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Is it OK to smoke on Coumadin (warfarin)?
Can you still smoke when taking Coumadin? Does smoking hinder Coumadin from working in your body? My husband is on Coumadin, and started smoking again.
Clearing the Air
Last month the American College of Obstetricians and Gynecologists (ACOG) issued a recommendation to providers to support perinatal smoking cessation. We at Dr. Gourmet encourage our readers who are pregnant or would like to become pregnant to stop smoking. We would also like to encourage their partners and families to stop smoking as well.
Don't Eat That!
Many of these articles are about things that you should eat. The focus of this article is about things that you should either limit or eliminate entirely from your diet.
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We know that quitting smoking reduces many risks to your health, and not just cancer: heart disease, emphysema and diabetes are also commonly linked to smoking. One of the reasons many of my patients cite for fearing to quit smoking, however, is the weight gain that so often seems to follow quitting. And weight gain, as we know, leads to its own health risks, including diabetes, heart disease and some cancers. So if you quit smoking, is your risk of diabetes lower (because of quitting), higher (because of the weight gain) or does it stay the same?
Researchers with Johns Hopkins, Chapel Hill and the Federal University of Rio Grande do Sul of Brazil teamed up to assess whether those who quit smoking would be more or less likely to develop diabetes (Ann Intern Med 2010;152(1):10-17). They used information gathered during a prospective study known as the Artherosclerosis Risk in Communities (ARIC), which included over 15,000 middle-aged adults in the United States and lasted over 17 years. At the start of the study and at regular intervals until 2004, the participants in the study were assessed by the ARIC researchers for Body Mass Index, blood pressure, cholesterol and glucose levels, and demographics such as amount of exercise and education.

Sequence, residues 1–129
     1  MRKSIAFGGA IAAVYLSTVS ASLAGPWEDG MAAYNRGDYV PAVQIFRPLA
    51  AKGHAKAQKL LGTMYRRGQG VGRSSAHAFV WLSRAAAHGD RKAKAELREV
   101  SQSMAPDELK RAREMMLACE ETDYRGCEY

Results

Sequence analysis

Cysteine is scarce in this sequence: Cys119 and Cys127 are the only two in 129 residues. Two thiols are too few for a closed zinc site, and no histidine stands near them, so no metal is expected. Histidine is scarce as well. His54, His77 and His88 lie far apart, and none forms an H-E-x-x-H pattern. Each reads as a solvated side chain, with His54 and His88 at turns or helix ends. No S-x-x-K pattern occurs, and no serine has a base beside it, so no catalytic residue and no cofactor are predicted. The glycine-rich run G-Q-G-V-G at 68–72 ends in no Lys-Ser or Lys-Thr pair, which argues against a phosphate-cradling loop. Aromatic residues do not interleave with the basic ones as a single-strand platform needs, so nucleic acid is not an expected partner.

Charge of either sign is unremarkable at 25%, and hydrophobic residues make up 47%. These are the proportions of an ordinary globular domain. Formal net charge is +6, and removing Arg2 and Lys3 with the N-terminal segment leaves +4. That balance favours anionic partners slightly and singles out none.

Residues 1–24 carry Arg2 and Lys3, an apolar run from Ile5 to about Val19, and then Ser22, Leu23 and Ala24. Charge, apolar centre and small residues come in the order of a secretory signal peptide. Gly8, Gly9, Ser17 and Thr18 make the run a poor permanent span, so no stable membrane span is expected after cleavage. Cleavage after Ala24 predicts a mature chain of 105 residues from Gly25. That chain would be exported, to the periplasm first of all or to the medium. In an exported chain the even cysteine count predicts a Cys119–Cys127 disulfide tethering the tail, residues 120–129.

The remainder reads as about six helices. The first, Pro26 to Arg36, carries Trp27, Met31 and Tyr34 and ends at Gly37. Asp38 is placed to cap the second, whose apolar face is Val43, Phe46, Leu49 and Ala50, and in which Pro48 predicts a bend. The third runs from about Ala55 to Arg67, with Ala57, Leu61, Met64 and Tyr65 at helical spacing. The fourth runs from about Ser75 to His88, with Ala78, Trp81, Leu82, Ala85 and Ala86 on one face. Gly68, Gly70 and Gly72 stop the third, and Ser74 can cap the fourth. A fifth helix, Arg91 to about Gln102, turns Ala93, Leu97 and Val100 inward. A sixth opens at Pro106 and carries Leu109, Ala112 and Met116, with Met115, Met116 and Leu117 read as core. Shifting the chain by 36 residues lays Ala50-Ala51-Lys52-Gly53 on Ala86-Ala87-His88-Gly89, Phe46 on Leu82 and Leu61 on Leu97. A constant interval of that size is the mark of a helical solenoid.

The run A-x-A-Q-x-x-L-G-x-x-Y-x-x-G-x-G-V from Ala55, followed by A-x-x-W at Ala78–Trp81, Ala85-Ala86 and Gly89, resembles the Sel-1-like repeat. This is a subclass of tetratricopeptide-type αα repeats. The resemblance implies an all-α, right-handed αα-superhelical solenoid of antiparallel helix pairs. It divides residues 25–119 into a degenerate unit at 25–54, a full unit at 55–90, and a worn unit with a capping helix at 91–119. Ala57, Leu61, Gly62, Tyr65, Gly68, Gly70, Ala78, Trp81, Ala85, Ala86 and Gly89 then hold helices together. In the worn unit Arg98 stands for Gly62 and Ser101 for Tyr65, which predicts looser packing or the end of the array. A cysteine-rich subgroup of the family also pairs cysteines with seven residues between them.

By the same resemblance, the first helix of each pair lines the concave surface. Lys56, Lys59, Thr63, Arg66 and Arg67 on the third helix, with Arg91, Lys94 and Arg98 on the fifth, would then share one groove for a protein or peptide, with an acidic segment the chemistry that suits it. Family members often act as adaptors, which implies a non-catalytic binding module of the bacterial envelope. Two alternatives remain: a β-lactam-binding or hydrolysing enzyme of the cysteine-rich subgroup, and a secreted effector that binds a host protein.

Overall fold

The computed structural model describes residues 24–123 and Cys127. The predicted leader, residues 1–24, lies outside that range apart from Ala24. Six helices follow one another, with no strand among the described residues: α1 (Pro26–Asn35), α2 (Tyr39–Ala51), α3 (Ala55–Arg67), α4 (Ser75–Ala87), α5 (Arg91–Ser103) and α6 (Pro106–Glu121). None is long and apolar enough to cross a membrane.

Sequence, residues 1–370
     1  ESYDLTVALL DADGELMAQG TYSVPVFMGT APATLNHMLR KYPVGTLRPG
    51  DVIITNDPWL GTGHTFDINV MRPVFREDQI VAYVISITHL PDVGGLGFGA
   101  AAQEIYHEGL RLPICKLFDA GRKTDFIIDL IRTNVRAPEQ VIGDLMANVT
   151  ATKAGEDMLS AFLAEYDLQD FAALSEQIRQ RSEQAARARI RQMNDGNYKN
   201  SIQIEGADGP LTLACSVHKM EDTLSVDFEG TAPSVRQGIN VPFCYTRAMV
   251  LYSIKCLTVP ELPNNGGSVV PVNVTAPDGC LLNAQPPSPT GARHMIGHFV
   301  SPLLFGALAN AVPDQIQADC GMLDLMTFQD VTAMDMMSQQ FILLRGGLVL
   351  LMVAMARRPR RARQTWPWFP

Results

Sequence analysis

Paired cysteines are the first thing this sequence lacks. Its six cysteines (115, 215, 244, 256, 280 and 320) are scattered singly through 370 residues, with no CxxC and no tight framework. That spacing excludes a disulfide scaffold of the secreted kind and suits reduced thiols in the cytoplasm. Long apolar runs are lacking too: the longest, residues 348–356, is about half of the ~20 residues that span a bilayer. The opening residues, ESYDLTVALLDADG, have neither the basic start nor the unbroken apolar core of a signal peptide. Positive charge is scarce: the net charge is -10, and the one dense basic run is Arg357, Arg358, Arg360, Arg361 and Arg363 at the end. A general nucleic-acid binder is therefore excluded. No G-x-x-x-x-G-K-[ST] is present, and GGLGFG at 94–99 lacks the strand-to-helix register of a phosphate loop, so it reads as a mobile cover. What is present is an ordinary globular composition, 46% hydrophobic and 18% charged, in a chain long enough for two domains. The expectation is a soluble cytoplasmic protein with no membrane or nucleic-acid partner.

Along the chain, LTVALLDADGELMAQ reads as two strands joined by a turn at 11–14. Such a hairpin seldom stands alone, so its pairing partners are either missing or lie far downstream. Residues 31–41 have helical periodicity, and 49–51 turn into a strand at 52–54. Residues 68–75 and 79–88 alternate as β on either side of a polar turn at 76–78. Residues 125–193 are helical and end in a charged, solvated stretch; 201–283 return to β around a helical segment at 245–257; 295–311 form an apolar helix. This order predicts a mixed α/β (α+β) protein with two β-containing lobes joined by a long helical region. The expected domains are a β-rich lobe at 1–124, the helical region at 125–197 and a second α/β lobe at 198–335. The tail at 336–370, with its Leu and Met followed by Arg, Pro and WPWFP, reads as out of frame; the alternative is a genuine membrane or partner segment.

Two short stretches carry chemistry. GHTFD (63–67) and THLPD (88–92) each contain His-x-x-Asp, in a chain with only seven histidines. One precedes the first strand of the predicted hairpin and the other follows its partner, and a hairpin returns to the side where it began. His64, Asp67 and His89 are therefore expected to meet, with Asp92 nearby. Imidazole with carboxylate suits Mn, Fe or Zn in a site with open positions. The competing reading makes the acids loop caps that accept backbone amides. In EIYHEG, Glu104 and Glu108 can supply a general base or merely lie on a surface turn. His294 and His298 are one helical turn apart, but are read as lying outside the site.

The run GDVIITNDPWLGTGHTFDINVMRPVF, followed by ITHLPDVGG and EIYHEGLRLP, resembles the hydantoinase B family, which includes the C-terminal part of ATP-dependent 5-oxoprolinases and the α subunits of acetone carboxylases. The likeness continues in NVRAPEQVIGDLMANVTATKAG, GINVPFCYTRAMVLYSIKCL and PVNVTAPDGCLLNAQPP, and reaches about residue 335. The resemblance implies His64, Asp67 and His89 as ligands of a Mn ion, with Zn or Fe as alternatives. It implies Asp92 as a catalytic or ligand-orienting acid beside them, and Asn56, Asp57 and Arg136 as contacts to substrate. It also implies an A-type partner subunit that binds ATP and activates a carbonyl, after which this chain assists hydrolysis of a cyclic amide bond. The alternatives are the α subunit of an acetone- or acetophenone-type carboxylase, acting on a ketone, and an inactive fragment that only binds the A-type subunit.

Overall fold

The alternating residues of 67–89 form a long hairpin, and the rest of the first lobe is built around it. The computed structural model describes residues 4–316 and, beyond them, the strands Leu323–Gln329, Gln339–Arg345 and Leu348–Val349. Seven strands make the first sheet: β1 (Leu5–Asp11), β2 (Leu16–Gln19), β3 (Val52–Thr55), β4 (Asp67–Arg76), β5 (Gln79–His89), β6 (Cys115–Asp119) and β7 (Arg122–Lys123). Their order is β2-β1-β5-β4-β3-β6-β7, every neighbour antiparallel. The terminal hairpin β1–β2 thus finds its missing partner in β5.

First the diabetes researchers excluded those people who already had diabetes at the start of the study, as well as those who had asthma, lung disease or heart disease, which left them with over 9,000 participants in the study.
Current and former smokers were then grouped into three levels of "pack-years:" low, medium and high. (Pack Years are the average number of cigarettes smoked per day, multiplied by how many years the person smoked and divided by 20, the number of cigarettes in a pack).
Those who developed diabetes at the close of the study were then compared to those who did not. Unsurprisingly, those participants who had the highest number of Pack Years were almost 150% more likely to develop diabetes than those who never smoked, even when Body Mass Index and other risk factors were taken into account.
Of concern, however, is that for those who did quit smoking, their risk of diabetes actually increased (to about 175%) in the first three years after they quit. That risk decreased during the first twelve years of not smoking, however, to be the same as those who had never smoked. The good news is that the researchers then examined the new smokers for weight gain and found that those who gained the most after quitting were also those whose risk increased the most in those first three years.
If you're a smoker and are thinking about quitting, don't let this study stop you. Enlist your doctor's help in quitting and use The Dr. Gourmet Diet Plan to help you maintain your weight while you're quitting. The risks of continuing to smoke far outweigh the risks of gaining weight after you quit.
First posted: January 13, 2010